Fear and loathing in Azerbaijan

Bayden Westerweller Roar Guru

By , Bayden Westerweller is a Roar Guru

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    Lewis Hamilton. (Photo: GEPA pictures/Daniel Goetzhaber)

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    Sebastian Vettel crossed the line on Sunday at Azerbaijan, though Lewis Hamilton cannot be relieved from his accountability in the episode which has instantly evoked comparison to controversies of bygone eras.

    A rush of blood, a descending of red mist, consumed Vettel on lap 20 of the chaotic event as the field lay behind the safety car, and the involvement of the title protagonists in the incident injected an inevitable hero versus villain narrative despite the circumstances leading to the outcome.

    The German, who had been caught napping by race leader Hamilton following the initial of the Mercedes AMG’s multiple appearances to clear debris from the circuit, fell victim to the Briton’s questionable braking tactics, running into the rear of the W08 as the third restart approached.

    Despite the 29-year-old’s protests that “he brake tested me. What the f*^k is going on?” this was lost to the four-time champion’s physical reaction, as he drew alongside Hamilton to gesticulate angrily and proceeded to turn into the leader, albeit inflicting no visible damage, as the racing resumed from the following corner.

    It wouldn’t take long for the recriminations to commence as friendly fire between the Force Indias into turn one on the restart caused the red flag to be deployed, sending all cars into pitlane, and allowing drivers, personnel and fans to draw their collective breath on what had just transpired.

    Outside the cockpit, Hamilton closely scrutinised the rear of his car, proceeding to the concerned sidepod and tyres as he attempted to emphasise his ordeal, while a sanguine Vettel kept his counsel, acknowledging only the events leading to the decisive blow as the restart approached.

    The postscript to the affair, with Hamilton required to stop from the lead on lap 31 so his conspicuously unfastened headrest could be replaced – borne independently from his collision with Vettel, coupled with the German’s punishment – a ten-second stop go penalty, effectively being neutralised, further canvassed the notion of the Briton as wronged and Vettel the wicked.

    Fourth for Vettel and fifth to Hamilton being the end game similarly incensed those believing the latter received a raw deal. Not least the man himself, when the reality was that his plight bore no consequence from the hit, rather a manifestation of disbelief that the German exited the weekend having extended his points lead, when a routine victory to the Briton and fifth to the penalised Vettel would have been labelled just.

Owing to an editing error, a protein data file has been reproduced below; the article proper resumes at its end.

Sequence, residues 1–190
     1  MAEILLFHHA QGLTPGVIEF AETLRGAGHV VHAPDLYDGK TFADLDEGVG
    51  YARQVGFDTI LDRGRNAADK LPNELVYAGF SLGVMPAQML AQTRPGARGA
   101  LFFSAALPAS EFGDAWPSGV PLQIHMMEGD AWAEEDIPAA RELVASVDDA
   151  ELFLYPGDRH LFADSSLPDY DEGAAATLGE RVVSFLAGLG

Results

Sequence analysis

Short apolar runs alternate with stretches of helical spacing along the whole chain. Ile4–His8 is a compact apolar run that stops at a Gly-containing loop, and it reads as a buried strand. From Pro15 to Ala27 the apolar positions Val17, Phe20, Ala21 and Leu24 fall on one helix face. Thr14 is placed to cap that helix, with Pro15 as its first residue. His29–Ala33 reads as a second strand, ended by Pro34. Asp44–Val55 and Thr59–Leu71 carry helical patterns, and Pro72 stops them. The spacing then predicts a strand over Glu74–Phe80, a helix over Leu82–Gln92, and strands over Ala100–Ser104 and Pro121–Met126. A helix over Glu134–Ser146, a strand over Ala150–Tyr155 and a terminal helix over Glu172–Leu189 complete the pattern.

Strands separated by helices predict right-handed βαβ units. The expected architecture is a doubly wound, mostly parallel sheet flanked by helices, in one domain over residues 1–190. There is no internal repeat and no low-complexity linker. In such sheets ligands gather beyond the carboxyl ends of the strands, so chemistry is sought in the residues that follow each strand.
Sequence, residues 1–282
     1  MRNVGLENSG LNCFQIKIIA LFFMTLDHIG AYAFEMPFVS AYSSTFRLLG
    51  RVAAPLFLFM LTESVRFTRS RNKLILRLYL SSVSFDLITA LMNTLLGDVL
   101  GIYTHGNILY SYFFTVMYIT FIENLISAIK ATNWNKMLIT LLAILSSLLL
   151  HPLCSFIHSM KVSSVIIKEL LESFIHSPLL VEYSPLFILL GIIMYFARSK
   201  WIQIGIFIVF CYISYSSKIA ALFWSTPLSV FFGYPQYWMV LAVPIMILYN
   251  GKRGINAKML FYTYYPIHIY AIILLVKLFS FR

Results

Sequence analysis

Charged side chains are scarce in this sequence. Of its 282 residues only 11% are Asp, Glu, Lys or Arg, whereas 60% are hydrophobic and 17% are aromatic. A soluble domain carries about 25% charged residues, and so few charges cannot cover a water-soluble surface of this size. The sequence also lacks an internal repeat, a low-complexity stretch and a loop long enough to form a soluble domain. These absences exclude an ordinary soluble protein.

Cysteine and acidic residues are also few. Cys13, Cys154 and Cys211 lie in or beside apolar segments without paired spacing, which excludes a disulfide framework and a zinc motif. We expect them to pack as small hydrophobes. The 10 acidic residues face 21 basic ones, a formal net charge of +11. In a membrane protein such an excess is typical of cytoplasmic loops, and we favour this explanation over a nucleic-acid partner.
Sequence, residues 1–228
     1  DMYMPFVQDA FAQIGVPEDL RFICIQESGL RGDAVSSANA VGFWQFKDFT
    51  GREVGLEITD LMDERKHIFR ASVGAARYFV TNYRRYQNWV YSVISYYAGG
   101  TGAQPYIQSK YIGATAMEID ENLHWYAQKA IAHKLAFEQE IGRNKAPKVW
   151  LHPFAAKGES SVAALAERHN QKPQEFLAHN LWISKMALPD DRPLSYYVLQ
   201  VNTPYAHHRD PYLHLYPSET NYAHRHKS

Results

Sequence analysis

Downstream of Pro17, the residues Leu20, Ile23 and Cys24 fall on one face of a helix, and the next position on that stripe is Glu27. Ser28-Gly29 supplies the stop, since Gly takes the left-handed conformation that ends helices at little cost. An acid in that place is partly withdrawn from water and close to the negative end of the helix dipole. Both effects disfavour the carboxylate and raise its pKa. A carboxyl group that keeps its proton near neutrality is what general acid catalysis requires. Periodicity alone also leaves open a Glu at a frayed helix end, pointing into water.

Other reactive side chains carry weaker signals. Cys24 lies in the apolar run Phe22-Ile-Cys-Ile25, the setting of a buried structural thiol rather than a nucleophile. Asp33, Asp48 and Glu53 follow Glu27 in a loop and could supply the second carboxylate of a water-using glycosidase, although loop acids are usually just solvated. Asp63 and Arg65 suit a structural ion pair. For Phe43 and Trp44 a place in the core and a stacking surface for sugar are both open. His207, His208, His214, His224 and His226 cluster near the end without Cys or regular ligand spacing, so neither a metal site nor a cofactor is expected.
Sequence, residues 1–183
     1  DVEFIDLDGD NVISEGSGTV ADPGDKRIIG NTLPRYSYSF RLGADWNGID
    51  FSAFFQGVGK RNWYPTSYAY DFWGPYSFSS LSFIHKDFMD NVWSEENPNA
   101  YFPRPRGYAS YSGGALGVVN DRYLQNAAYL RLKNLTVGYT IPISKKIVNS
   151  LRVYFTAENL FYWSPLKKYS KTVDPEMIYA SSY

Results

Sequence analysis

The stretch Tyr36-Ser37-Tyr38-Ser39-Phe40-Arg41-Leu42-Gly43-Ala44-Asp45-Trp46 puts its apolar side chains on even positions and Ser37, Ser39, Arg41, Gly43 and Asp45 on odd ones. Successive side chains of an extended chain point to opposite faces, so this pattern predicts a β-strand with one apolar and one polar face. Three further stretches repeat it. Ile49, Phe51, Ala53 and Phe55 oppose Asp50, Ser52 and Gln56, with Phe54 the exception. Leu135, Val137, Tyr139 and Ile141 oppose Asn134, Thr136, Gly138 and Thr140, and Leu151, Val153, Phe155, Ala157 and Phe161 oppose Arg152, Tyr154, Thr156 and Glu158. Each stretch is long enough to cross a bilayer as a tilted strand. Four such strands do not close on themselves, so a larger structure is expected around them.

Vettel was undoubtedly wrong to use his vehicle as a weapon, though it must be viewed as the objective incident it was. Once Hamilton’s history behind the safety car is taken into account – similar tactics were employed at Fuji in 2007, resulting in the infamous collision between Vettel and future teammate Mark Webber, and corroborated with his antics on Sunday, it becomes apparent that it was a heat of the moment reaction rather than a charge of premeditated assault which Senna and Schumacher answered to yesteryear.

    Sebastian Vettel Red Bull

    (Getty Images/Red Bull Content Pool)

    Notwithstanding the field running at greatly reduced speed, this wasn’t Suzuka 1990, Adelaide 1994 or Jerez 1997, which were moments comprised a solitary methodical act. If anything, the German’s actions were outright clumsy and the intellectual in him would have realised this immediately.

    Which is why Vettel’s stubborn refusal to address the deed in question is the most damning indictment, which in the context of the championship – short of rendering his actions understandable – speaks to the primal desperation when the ultimate prize is up for grabs and logic eludes the erstwhile rational.

    Hamilton must be aware that Vettel, who also received three penalty points on his superlicence, now lies only three adrift of a one-race suspension should he fall foul of the stewards at Austria, and may look to exploit this by placing the German in a vulnerable position if circumstances permit.

    His sentiment, “if I had any ill intent… brake testing, whatever it may be, I still think it’s not deserving of that kind of reaction” can be facetiously interpreted as a goad to ‘baiting’ employed by the Briton, which Vettel must contemplate if he is to avoid the tacit manipulation effected on the weekend.

    Lewis Hamilton press conference

    (Photo: GEPA pictures/Daniel Goetzhaber)

    Two can play when it boils down to one dream, some are better at playing the game than others, and had Hamilton prevailed at Baku, it would have been a perfectly executed set piece on his title rival. Vettel fell for the bluff and in this instance played the fool, though there’s an extremely fine line at the top and while he’ll be chastened, he’ll also be wiser for the experience.

    As all iconic rivalries and title showdowns elicit, the ‘antagonist’ has been sourced and defined with many strokes, and any subsequent events will henceforth be portrayed as part of the hero’s quest to overcome the villain and restore order, despite the reality that there are two sides to every story.